“Before the meeting, I send a list of registered delegates and have the hotel cross-check,” says LIMRA International's Kielb. “Invariably we pick up 10, 20, 30 people who have booked outside the block.” With a two- or three-night stay, she says, identifying those attendees can be the difference between owing attrition fees and filling your block.
“It's a time-consuming process, but it's the right thing to do,” says Ty Helms, vice president of sales, Hyatt Hotels and Resorts, regarding the cross-checking. “You have to have a reservation manager or sales manager take time away from what they're supposed to be doing to match up lists to try to track down all the individuals. At a hotel like the Hyatt Chicago with 2,000 rooms, it can take some time.”
Hicks seconds that view. “Today it is an extraordinarily cumbersome process. It makes the planners crazy, and it makes the hotels crazy, and it's not a good use of time,” she says. “There are huge technology changes that need to be made in all systems that can look at channels as one code — how did the reservation come in — and rate as another code, so you can identify the person regardless of how they made the reservation and the rate paid. If we could get the technology in place, hotel contracts could look completely different in two years than they do today. Maybe the premium at that point isn't the rooms, maybe the premium becomes the meeting space.”
While hotels, at least on a case by case basis, are doing their part by giving planners credit for rooms no matter the booking channel or rate, many hoteliers feel that planners need to take some responsibility as well. “It's a two-way street,” says Helms. “What if planners use the registration vehicle to tie in to the hotel block? In other words, there might be a higher registration fee for someone who didn't book through the preferred housing vehicle.”
Starwood is also brainstorming with clients about a more proactive approach. “Instead of this hurting us, let us educate attendees as to all the reasons they want to be in the headquarters hotel, and what happens if they don't,” proposes Starwood's Christie Hicks.
Santee Tupps has tried packaging core guest-room-nights into the conference fee, but she says it's more complicated than it sounds. “People book, then they change their flight. Every change then has to go through the planning organization, because the group is paying for those rooms on the master bill.” And if you want changes to go through the hotel, “it gets a little hairy. … The hotel doesn't know what sub-block we were going to put that person in. If we're paying for it on the master, I don't want to give the attendee the right to make changes. They could upgrade themselves.”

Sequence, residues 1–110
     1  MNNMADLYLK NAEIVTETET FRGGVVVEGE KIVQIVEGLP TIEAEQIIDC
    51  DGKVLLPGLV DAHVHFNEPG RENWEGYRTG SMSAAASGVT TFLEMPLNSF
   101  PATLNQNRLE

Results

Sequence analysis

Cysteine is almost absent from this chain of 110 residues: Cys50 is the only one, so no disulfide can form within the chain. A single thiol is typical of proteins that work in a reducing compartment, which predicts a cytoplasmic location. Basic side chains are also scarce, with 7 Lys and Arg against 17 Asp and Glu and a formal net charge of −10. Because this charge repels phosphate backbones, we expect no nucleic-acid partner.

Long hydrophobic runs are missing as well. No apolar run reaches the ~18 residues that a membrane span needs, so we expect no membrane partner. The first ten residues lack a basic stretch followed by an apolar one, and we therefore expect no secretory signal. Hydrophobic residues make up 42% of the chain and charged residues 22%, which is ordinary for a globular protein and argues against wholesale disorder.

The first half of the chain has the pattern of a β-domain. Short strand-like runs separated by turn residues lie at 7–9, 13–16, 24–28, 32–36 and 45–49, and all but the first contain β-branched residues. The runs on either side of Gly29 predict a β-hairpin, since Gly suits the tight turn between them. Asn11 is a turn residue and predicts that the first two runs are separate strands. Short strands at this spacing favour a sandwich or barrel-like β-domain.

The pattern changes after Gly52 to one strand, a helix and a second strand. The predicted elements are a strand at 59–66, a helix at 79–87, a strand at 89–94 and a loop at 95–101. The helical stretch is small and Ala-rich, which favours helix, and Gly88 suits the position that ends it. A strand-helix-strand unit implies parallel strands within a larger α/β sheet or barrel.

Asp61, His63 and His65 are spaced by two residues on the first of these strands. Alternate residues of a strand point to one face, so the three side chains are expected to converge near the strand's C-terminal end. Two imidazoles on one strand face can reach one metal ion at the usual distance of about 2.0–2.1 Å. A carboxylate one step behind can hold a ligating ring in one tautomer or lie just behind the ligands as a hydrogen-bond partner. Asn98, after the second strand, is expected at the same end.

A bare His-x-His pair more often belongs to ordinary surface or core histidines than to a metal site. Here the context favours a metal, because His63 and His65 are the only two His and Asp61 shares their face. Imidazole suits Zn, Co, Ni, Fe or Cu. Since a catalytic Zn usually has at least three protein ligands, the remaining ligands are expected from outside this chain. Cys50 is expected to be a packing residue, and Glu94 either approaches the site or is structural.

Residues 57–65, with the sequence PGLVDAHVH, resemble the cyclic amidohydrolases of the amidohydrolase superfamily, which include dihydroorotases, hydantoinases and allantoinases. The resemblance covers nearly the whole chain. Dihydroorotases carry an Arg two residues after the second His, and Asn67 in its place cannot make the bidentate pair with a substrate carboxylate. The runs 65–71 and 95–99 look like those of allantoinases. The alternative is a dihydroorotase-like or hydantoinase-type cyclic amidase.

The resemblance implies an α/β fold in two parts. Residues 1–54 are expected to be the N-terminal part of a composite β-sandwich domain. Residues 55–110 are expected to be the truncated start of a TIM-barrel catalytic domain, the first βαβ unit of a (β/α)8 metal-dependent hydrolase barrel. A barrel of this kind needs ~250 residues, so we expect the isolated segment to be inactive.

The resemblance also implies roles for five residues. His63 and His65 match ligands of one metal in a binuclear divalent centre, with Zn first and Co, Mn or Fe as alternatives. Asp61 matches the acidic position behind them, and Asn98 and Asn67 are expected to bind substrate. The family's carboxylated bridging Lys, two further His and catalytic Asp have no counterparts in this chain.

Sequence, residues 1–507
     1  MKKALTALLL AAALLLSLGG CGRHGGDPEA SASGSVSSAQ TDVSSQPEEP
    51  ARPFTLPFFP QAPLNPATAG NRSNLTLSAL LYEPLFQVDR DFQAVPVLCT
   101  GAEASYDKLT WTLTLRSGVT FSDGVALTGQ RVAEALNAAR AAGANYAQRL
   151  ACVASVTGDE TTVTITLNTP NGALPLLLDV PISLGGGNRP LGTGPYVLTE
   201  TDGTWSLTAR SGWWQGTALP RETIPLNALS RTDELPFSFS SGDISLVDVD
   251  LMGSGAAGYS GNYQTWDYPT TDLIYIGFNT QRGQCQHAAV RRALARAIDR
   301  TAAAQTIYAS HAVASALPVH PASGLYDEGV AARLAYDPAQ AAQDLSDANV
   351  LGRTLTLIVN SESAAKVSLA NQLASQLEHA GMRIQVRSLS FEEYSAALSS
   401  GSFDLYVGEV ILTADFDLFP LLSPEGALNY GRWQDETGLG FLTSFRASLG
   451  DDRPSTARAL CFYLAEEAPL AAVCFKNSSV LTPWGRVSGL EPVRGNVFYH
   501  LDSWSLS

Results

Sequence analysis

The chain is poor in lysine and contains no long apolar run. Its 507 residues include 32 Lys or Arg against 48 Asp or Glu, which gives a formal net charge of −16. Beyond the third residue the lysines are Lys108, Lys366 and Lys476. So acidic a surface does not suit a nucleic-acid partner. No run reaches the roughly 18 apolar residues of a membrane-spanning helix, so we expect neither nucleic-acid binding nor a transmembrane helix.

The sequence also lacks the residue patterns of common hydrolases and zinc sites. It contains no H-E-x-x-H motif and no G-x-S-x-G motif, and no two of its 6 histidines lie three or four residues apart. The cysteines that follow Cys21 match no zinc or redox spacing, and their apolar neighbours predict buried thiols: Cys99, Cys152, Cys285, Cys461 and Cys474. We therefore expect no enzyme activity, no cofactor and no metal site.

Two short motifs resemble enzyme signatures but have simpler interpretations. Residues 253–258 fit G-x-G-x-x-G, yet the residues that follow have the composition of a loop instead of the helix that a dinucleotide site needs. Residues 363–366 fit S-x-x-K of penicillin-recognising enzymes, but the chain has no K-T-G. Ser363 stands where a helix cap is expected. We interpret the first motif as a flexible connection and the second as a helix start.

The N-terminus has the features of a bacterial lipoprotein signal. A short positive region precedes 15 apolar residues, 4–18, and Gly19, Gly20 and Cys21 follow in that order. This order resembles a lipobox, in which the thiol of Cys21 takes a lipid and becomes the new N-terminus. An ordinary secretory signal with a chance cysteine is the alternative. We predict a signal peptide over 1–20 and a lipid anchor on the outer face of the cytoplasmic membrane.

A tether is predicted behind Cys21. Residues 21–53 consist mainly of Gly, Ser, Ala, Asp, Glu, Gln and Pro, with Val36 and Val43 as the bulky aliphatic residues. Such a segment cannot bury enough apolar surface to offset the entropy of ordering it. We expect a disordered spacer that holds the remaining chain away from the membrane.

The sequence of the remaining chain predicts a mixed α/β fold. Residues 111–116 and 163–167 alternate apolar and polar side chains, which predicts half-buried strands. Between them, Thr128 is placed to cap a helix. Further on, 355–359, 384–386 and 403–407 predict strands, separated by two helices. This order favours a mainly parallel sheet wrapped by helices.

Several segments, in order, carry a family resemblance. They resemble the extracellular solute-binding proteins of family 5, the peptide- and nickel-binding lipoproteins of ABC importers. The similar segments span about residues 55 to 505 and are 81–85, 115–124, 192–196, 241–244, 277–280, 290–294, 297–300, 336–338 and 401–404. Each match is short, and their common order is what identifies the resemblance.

Steven Hacker, CAE, president and CEO, International Association for Exposition Management, has a different suggestion: Hotels in the room block should offer an incentive for attendees to book those rooms at the negotiated group rate — maybe a complimentary spa treatment, a bottle of wine, fruit in the room. When a hotel offers discounted Internet rates and at the same time holds an event planner's feet to the fire on attrition clauses, that's a double-bind too great to bear, says Hacker. “At some point I, as an event planner, am going to have to get out of the crossfire and say to my attendees, ‘Here's a list of hotels in the area. Book your own rooms and rates.’”
For Santee Tupps, the bottom line is an understanding that you're starting out with the fairest rate possible. “If meeting planners are able to stand strong and say, ‘We understand where you're coming from; We know thatis the bottom line. That initial rate has to be very fair because I'm going to make you give me credit for the people who are at the hotel because of my meeting.’ If we demand that, we won't see so much disparity between the rates.”
Air Booking: The Other Internet Headache
For the majority of insurance conference planners, online discount hotel booking is not an issue since attendees' hotel stays are logged to the master account. And guests who pay their own way for pre- or post-meeting stays are often discouraged from hunting down deals when they find out it typically means having to change or downgrade their room. But company-paid trips are not immune to Internet trouble. For some, it's the online airline booking sites that present a challenge.
“It's a huge problem,” says Sharon Chapman, CMP, meeting planner at Berkshire Life Insurance Co. in Pittsfield, Mass., who contracts zone fares with the airlines and runs up against numerous road blocks trying to satisfy her volume agreements. “Some of the Internet fares are much lower than our zone fares,” she says, noting that while qualifiers' airfares are covered by the company, spouses' are not, so attendees shop online to find good rates. “They don't want to use our travel agency, and then they want us to reimburse them, which we can't do” says Chapman.